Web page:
Freesteel Blog » Galaxy road south
Galaxy road south
Sunday, February 18th, 2007 at 2:18 am
I’ve suddenly wound up in Cambridge for two weeks to keep house for my grandfather as he gets radiotherapy treatment at the large hospital on the other side of town. They send a taxi over every day. If I’m lucky there might be room for me to go in it.
I’ve got limited internet connection here, which is a good thing because I’ll be able to get through to the end of all this drop cutter coding without too much distraction.
I spent all of Thursday ranting about UN documents to an unlucky visitor to Liverpool who probably didn’t know what hit him. Then I went to Manchester to experience the misery of cycling down Oxford Street in the rain, leapfrogging the double-decker busses until I gave up and went on the pavement, before dropping off Becka’s passport at the Chinese consul and getting a blood test on the way back.
Then I had two hours programming the ball-nosed cutter case before going to a public lecture by some nutty particle physicist called Martinus Veltman who believes that the general theory of relativity and our understanding is gravity is all wrong.
He made a reasonable case, beginning with the fact that astrophysicists are full of crap, what with their going on about reading the handwriting of god. Nothing that they’re doing goes anywhere close to the real mystery of life, which is: How do our brains think? Also, they don’t do any experiments, so they can say whatever they like about the existance of a black hole at a certain place in space, and no one can prove them right or wrong.
Particle physicists, on the other hand, do experiments. For many decades they have been having to invent numerous new nuclear forces to explain what they are seeing. These new forces all start out as fudge factors, from which they make predictions that they then test on a particle accelerator. The latest and greatest fudge factor is the Higgs field, against which they’ve bet three billion Swiss francs on building the Large Hadron Collider. Either they’ll see direct evidence of it this year, or they won’t. Nobody really knows. That’s what really makes it interesting.
Meanwhile the cosmologists, who are able to make pretty photographs through their telescopes, have their own fudge factor known as Dark Matter on account of the fact that nobody has ever seen it. It’s only there, according to them, because they believe that even at the super large scales of a galaxy, that familiar law known as gravity must explain everything.
Why should it?
The subatomic physicists have had to invent the strong force, the weak force, the Higgs force, spin, quark, strangeness, and charm; so should we be surprised if the same nonsense of new laws unobservable on a human scale need to be postulated at large scales beyond the level of the solar system?
Of course not. There’s the Pioneer anomaly and the flyby anomaly where man-made objects in space don’t quite go where they ought to. I don’t know what’s special about them, except they have transmitters and we know how heavy they are because we put them there, so we’re not deducing an equally anomalous mass from an anomalous motion in such a way that we don’t notice it.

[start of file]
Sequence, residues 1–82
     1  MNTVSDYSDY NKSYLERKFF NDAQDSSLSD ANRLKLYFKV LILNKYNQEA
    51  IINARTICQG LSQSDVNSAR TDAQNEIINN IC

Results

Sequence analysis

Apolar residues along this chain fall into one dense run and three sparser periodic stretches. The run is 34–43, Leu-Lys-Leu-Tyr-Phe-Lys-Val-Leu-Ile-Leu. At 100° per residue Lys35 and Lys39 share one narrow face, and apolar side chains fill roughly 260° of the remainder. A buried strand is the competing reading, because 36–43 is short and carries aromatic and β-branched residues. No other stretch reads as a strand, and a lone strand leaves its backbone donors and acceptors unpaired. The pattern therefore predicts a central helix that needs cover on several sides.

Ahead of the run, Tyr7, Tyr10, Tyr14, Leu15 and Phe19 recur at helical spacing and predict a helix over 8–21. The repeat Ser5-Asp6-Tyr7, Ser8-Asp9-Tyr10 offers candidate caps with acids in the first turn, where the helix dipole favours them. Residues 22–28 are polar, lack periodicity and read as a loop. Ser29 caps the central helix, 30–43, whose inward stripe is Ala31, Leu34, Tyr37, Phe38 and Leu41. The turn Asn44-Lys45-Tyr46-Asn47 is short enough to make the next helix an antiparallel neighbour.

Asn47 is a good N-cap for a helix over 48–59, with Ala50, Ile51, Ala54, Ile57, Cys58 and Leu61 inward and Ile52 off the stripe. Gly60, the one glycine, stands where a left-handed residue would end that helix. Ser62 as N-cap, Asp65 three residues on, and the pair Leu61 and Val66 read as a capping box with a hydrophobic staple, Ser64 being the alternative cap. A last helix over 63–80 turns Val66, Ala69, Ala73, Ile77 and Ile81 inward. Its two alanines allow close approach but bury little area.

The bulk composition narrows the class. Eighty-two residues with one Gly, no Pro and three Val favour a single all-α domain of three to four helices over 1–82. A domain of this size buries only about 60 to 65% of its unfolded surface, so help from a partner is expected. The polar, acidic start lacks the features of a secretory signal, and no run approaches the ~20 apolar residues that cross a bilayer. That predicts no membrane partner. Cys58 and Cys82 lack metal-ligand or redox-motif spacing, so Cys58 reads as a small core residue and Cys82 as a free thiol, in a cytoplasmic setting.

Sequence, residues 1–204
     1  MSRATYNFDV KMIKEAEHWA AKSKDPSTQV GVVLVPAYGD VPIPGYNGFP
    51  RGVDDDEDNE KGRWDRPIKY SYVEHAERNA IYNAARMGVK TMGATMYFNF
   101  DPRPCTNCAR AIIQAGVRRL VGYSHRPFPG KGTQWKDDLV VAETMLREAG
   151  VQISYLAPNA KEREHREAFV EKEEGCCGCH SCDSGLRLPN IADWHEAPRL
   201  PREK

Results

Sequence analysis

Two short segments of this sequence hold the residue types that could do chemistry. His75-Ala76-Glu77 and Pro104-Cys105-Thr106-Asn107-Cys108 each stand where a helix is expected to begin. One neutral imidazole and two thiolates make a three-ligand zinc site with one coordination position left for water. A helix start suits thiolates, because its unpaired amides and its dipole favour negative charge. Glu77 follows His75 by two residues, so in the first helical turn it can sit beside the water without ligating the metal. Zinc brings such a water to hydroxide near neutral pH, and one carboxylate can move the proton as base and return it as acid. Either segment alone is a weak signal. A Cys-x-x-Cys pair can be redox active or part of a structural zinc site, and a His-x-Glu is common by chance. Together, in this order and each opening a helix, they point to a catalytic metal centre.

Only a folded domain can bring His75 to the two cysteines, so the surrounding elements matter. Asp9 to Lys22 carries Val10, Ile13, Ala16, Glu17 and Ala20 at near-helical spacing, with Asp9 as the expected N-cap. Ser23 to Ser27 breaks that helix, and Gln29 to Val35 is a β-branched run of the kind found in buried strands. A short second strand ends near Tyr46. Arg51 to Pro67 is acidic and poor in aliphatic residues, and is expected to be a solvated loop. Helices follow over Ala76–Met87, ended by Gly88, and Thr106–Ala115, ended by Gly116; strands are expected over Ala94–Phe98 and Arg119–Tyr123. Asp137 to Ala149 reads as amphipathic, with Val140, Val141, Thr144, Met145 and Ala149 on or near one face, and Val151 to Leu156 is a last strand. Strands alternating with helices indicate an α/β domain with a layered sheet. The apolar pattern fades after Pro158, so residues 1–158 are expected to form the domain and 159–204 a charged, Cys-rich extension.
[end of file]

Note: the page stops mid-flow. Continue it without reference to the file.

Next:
But worse is the galaxy winding problem where, if gravity was all that’s involved, there would never be any spiral arms because they would rapidly be smoothed into an disk, like the trail of cream on the surface of a stirred cup of coffee. The stars near the centre should go round faster and leave the far tips of the arms many revolutions behind. But because the cosmologists observe that the whole galaxy seems spins as one, they need to invent a huge halo of invisible “dark” matter around the outside to make it so.
This is real science: a model which produces predictions that don’t match observations without faking it, and suggests that there is something big we don’t know. We need to deal with the data and invent new and interesting theories to explain it which, if we’re lucky, we can test with an experiment.
On the other hand, the science of climate change doesn’t have any mysteries left in it; at least not of the sort that makes it worth running this particular excess atmospheric CO2 experiment we are currently conducting on ourselves, because we already know the answer and are not going to like it. Nevertheless, we still pay our politicians to lie about the facts, and put our minds at rest with the proposal that we had managed to weather a similar scare story in the past about global cooling that so convinced the scientific establishment it amounted to two whole articles in Newsweek in 1978.
I’m lucky to have been allotted a life span that fits into the most perfect time slot that a human being could ask for. Presently, medical science is good enough to avoid needless suffering, and we have the internet, and I will be able to watch the world through the most amazing period of transition with a mind is just mature enough to really appreciate it, without being too old and bitter. If I live to be as old as my grandfather, that’ll take me to around 2060, which is not many years short of when our life supporting environment is scheduled to really go tits up.
Of course, I could die young if I don’t stop staying up so late after my bed time. Night night.